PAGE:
2017.4.15 SAT - 5.14 SUN
10:00 - 18:00 Closed on Wednesdays (Open on May 3) / Free admission
- Kondaya Genbei, Chikuin-no-Ma
(Nishigawa, Sanjyo-sagaru, Muromachi-dori, Nakagyo-ku, Kyoto-city)
KYOTOGRAPHIE is an international photography festival held annually in Kyoto in spring, its most beautiful season. It presents outstanding photography solicited worldwide in iconic, traditional and contemporary architectural spaces throughout the city. CHANEL NEXUS HALL has participated in this festival since its inauguration in 2013, and held photo exhibitions as part of its program. In 2017, we are pleased to announce that the exhibition “MEMENTO MORI Robert Mapplethorpe Photographs from the Peter Marino Collection” that met with high acclaim in Ginza, Tokyo will be on show in Kondaya Genbei, Kyoto.
Robert Mapplethorpe is one of the most influential artists of the late twentieth century, known for his mastery of photographic technique and for his highly stylized, sometimes controversial photography. This exhibition is comprised of works from the private collection of Peter Marino who in addition to being internationally acclaimed for his architecture, is also one of the most significant Mapplethorpe collectors in the world. Marino selected works based on themes of natural and physical beauty, and restraint and subversion, which examine the duality of the artist’s complex oeuvre by contrasting the formal classicism of architectural bodies, still lifes and statuary with strikingly blunt treatments of more provocative subjects.
Kondaya Genbei Chikuin-no-Ma
Kondaya Genbei is a traditional obi (kimono sash) vendor located in the Muromachi kimono district, with roots going back to the Edo period. Kondaya had already been wholesaling obi for some 280 years when 10th generation owner Genbei Yamaguchi (1949-), debuted as an obi artisan. Their large-scale retail store, developed throughout early modern Meiji and Taisho periods, expands from its entrance into a Kyoto-style machiya townhouse crafted by the great late Edo period master carpenter Yoshibei Mikami, and is atypically large for today’s Kyoto.
Photographer. Born in New York, U.S.A., in 1946, Robert Mapplethorpe grew up on suburban Long Island and earned a B.F.A. (Bachelor of Fine Arts) at the Pratt Institute in Brooklyn. Initially he worked in mixed media, including found photography, to create collages. In the early seventies he began to experiment with Polaroid photography, and also created many unique works during this early period. In 1973, Mapplethorpe had his first exhibition of Polaroids at the Light Gallery in New York City.
It was not until the mid-seventies, however, that Mapplethorpe began to focus on photography as his sole means of artistic expression. He became known for his ability to capture distinct personalities through portraiture. His subjects ranged from socialites and celebrities to artists and members of New York’s various underground subcultures. By the early eighties, Mapplethorpe’s work turned toward more formal portraiture and still life, with a particular emphasis on flowers. He used a variety of photographic printing techniques, including photogravure, dye transfer, cibachrome, and gelatin silver. In 1988, Mapplethorpe’s work became the focus of a major national political debate about the definition of ‘art’ with the opening of his controversial exhibition The Perfect Moment. Since that time, his work has been widely presented in retrospective and thematic exhibitions at prominent museums and galleries throughout the world. It continues to provoke debate among scholars and proponents of free expression.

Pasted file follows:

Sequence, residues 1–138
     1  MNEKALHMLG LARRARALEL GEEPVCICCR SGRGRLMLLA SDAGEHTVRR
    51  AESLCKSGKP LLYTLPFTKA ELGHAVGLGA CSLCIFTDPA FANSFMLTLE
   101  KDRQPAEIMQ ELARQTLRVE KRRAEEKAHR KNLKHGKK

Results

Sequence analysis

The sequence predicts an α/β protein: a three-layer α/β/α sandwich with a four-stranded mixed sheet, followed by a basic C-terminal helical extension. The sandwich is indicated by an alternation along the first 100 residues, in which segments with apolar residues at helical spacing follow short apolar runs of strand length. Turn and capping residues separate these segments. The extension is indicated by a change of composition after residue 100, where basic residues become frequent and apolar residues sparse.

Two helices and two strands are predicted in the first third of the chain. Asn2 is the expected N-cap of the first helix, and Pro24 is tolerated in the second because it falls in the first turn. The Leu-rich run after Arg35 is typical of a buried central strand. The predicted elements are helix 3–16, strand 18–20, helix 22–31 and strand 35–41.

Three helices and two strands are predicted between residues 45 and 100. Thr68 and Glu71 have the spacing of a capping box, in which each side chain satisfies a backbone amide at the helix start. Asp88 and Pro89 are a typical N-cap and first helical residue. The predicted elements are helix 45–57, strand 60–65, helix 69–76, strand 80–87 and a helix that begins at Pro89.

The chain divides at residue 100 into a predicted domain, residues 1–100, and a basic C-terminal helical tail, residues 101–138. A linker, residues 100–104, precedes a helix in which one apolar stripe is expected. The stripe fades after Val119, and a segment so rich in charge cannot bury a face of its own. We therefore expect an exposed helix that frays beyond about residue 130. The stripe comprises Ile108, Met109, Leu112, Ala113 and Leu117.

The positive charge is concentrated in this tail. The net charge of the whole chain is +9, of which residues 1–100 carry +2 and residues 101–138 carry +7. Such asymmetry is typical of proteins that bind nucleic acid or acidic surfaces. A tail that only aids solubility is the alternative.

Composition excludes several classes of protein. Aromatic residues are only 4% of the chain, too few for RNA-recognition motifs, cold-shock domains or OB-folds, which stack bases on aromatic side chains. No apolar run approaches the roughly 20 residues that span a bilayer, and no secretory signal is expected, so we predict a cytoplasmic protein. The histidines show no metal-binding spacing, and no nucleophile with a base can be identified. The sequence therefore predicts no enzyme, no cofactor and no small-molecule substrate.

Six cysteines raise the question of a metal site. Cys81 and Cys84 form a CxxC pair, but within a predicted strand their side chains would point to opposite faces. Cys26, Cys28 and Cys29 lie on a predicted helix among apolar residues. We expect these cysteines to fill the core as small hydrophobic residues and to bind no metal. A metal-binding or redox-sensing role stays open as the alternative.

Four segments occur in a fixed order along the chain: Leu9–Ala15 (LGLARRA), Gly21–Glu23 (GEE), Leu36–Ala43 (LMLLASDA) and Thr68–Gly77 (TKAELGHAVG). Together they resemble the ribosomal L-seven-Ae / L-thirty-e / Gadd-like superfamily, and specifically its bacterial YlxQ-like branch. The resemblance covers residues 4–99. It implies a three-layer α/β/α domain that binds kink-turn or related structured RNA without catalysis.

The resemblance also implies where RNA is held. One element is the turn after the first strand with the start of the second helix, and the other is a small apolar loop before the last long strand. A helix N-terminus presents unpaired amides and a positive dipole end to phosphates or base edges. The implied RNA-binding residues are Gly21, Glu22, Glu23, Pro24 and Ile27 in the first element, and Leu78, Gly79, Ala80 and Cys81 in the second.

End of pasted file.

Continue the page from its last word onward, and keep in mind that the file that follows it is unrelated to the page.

In 1988, Mapplethorpe established the Robert Mapplethorpe Foundation, a non-profit organization that supports medical research to advance the cure and treatment of AIDS and HIV infection, and fine-art photography at the institutional level. Shortly thereafter, in 1989, Mapplethorpe died of AIDS in Boston, Massachusetts.
Architect. Peter Marino, FAIA, is the principal of Peter Marino Architect PLLC, an internationally acclaimed architecture, planning, and design firm based in New York City with 160 employees. Marino is a Chevalier de l’Ordre des Arts et des Lettres for the French Ministry of Culture and sits on the boards of the Venetian Heritage Foundation and the International Committee of L’Union Centrale des Arts Décoratifs.
Further cultural design projects include ‘One Way: Peter Marino’ at the Bass Museum of Art in Miami from December 4, 2014 – May 17, 2015 and in 2010, ’Beauty & Power’, an exhibition of Marino’s Renaissance and Baroque bronze collection at the Wallace Collection in London, as well as installation designs for the Les Lalannes retrospective at Paris’ Musée des Arts Décoratifs in 2010 and for the permanent collection of Meissen Porcelain at the Zwinger Collection in Dresden, Germany.